FRUSTRATION has been expressed at the red tape that surrounds the process of reviewing and appealing speed limits.
The point was made by Councillor Joe Cooney, at the end-of-year meeting of the Killaloe Municipal District, that action is needed on the route between Tuamgraney and Killaloe.
However, he described a Council response to his motion, calling for a speed limit change on the R463 from the Steiner Schools to Raheen Hospital, as disappointing.
The response from Senior Executive Engineer Derek Troy outlined that Transport Infrastructure Ireland (TII), rather than Clare County Council, is responsible for conducting reviews.
It also outlined an appeals mechanism whereby individuals can make a case to a local appeals board.
If they are not happy with the outcome, that can be referred to a regional panel and then back to an annual Council meeting for final approval.
“I am not happy with the reply,” Councillor Cooney said. “We are all well aware of this section of road. Along there, it is very built up on the side of the Steiner school to the entrance to Raheen Community Hospital. There are several commercial activities going on there.
“The two schools combined cater for up to 150 children and 50 staff. That’s a big number. They all have to get in and out each day. There are only a small amount of buses, and a lot of cars.
“People are using the path on the far side and it is very dangerous crossing the road. A pedestrian or zebra crossing is needed going forward.
“That stretch of the R463 has the Raheen Woods Centre, for commercial activity, the entrance to McLysaght’s as well as Raheen Hospital. That’s an awful lot activity in a short area and it does need to be looked at that. There are 12 private homes in that area too.”
The O’Callaghan’s Mills man noted the response which confirmed that the existing speed limit is 80kmph, but said that was not appropriate and needed to be reduced.
“I would be hoping to see the speed limit reduced with signage and traffic calming put in place,” Councillor Cooney said.
“There are flashing lights at the school, but they have not been working for a good number of months. Are they gone by their sell-by date? It would be a help to get them working.
“We all know this is a very busy area. I would be hoping, in the interest of road safety, to have traffic calming as well as a reduction in the speed limit.”
The motion was seconded by Councillor Pat Hayes.
“I agree totally with what is proposed,” he said. “I had a previous motion down in relation to the school. This is a very busy regional road. There are no safety measures other than flashing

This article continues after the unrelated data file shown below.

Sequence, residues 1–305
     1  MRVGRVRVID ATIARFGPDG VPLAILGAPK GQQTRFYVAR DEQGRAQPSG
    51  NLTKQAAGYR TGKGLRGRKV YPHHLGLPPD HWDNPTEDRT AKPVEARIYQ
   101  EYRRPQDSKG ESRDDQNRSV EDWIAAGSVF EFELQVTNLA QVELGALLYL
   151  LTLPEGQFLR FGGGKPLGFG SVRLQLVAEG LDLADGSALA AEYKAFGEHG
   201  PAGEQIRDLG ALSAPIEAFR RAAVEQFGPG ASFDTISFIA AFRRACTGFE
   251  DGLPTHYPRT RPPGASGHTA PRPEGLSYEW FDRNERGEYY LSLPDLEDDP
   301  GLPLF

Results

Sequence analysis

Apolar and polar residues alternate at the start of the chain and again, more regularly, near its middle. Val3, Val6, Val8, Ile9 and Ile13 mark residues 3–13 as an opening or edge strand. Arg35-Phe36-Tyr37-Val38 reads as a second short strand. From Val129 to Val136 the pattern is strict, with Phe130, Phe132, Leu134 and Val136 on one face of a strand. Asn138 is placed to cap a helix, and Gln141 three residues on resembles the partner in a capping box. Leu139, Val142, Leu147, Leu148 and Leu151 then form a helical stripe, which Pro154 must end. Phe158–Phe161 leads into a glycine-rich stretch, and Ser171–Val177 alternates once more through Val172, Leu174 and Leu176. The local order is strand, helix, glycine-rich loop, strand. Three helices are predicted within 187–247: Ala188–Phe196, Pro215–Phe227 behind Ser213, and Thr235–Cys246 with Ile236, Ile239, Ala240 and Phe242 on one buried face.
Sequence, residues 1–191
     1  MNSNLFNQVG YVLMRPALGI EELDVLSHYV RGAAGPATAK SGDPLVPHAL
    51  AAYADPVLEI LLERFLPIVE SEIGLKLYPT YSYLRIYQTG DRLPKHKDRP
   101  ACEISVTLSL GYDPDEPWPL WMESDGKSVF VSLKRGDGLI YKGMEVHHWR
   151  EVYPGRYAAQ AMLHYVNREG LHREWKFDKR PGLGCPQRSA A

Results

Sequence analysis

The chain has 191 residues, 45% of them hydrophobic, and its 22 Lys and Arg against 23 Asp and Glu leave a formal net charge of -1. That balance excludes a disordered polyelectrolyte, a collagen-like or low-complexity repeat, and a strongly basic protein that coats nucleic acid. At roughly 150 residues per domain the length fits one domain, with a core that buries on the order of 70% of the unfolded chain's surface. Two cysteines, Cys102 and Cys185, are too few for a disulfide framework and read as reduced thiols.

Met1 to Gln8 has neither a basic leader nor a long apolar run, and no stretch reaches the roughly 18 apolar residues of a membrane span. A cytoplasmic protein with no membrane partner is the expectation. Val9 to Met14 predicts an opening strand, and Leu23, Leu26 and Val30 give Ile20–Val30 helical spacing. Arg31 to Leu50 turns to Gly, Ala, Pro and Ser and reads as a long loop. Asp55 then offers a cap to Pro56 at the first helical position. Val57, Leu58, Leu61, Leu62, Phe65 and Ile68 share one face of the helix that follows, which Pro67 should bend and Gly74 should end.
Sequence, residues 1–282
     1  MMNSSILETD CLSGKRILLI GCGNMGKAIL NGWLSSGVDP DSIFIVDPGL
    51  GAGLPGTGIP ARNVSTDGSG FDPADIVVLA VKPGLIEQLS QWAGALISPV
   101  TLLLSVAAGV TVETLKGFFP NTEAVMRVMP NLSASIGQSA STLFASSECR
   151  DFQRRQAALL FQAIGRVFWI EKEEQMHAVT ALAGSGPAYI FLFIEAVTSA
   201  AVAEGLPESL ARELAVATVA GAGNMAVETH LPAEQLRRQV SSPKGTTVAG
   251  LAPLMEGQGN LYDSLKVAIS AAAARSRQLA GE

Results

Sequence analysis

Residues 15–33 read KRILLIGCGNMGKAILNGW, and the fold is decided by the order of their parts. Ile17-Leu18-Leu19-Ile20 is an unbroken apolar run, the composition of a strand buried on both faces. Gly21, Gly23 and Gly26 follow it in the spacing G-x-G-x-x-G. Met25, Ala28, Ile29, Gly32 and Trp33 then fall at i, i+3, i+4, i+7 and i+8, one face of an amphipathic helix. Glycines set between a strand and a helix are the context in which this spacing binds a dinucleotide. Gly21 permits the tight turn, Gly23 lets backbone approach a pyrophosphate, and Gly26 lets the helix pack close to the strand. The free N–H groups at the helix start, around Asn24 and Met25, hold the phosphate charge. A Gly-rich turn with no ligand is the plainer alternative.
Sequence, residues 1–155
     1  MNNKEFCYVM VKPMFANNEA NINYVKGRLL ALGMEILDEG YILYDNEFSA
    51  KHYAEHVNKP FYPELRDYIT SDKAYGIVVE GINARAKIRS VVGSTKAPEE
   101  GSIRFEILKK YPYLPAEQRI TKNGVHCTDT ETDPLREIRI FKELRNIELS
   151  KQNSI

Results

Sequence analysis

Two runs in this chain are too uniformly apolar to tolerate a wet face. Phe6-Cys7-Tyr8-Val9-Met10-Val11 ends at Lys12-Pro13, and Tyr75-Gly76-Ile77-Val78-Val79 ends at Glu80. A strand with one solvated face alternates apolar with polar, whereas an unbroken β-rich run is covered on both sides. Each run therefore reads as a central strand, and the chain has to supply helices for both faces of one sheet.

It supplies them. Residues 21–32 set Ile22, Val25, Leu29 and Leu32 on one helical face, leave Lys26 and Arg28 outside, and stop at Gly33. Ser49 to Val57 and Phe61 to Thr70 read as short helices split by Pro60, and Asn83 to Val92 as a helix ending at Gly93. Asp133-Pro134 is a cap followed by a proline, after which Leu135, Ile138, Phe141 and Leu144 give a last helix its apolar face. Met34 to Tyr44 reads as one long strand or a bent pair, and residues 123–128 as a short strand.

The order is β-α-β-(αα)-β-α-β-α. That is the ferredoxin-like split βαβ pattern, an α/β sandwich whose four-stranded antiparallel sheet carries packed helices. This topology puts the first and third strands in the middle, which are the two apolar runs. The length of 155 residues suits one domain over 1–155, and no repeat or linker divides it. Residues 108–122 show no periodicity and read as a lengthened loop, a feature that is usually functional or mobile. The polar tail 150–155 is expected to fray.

lights that don’t work. For traffic safety for parents and children, we need to address that issue.
“In Ireland, we tend to let things happen, then we have to readdress the issue. When paths went in, that was the time to think of these kinds of measures.”
The Caher man said that funding for smarter travel initiatives would provide an opportunity to get the work done. “Smarter travel gives us an opportunity for connectivity and I believe these
works would tick the right boxes,” he said. “This route has very fast-moving traffic. I am fully supportive of the motion. I trust that with all the expertise, you’ll come up with solution.”
Mr Troy told the meeting there were a number of elements to consider.
“We can submit the area under proposals for a Low Cost Safety Scheme,” he said.
“We can also appeal the speed limit if concerned. The school may be applying for planning permission for redevelopment of the site, to include a car park.
“It is vital that the school itself must be registered under Safe Routes to School Programme and it would fall under National Transport Authority (NTA) funding eligibility criteria then.”
In his written response, Mr Troy noted that the most recent TII speed limit review was carried out in 2018 and implemented in 2019. He said no date has been set for the next review.
The appeals process involves a member of the public applying to Clare County Council. The decision of that local committee can be further appealed to a regional panel.
The reply said that further to Councillor Cooney’s motion, the request would be referred in accordance with the Clare County Council Speed Limits Appeals Procedure.
Fiona McGarry joined The Clare Champion as a reporter after a four-year stint as producer of Morning Focus on Clare FM. Prior to that she worked for various radio, print and online titles, including Newstalk, Maximum Media and The Tuam Herald.
Fiona’s media career began in her native Mayo when she joined Midwest Radio. She is the maker of a number of radio documentaries, funded by the Broadcasting Authority of Ireland (BAI). She has also availed of the Simon Cumbers Media Fund to report on development issues supported by Irish Aid in Haiti.
She won a Justice Media Award for a short radio series on the work of Bedford Row Project, which supports prisoners and families in the Mid-West. Fiona also teaches on the Journalism programmes at The University of Galway.
If you have a story and would like to get in touch with Fiona you can email her at firstname.lastname@example.org or telephone 065 6864146.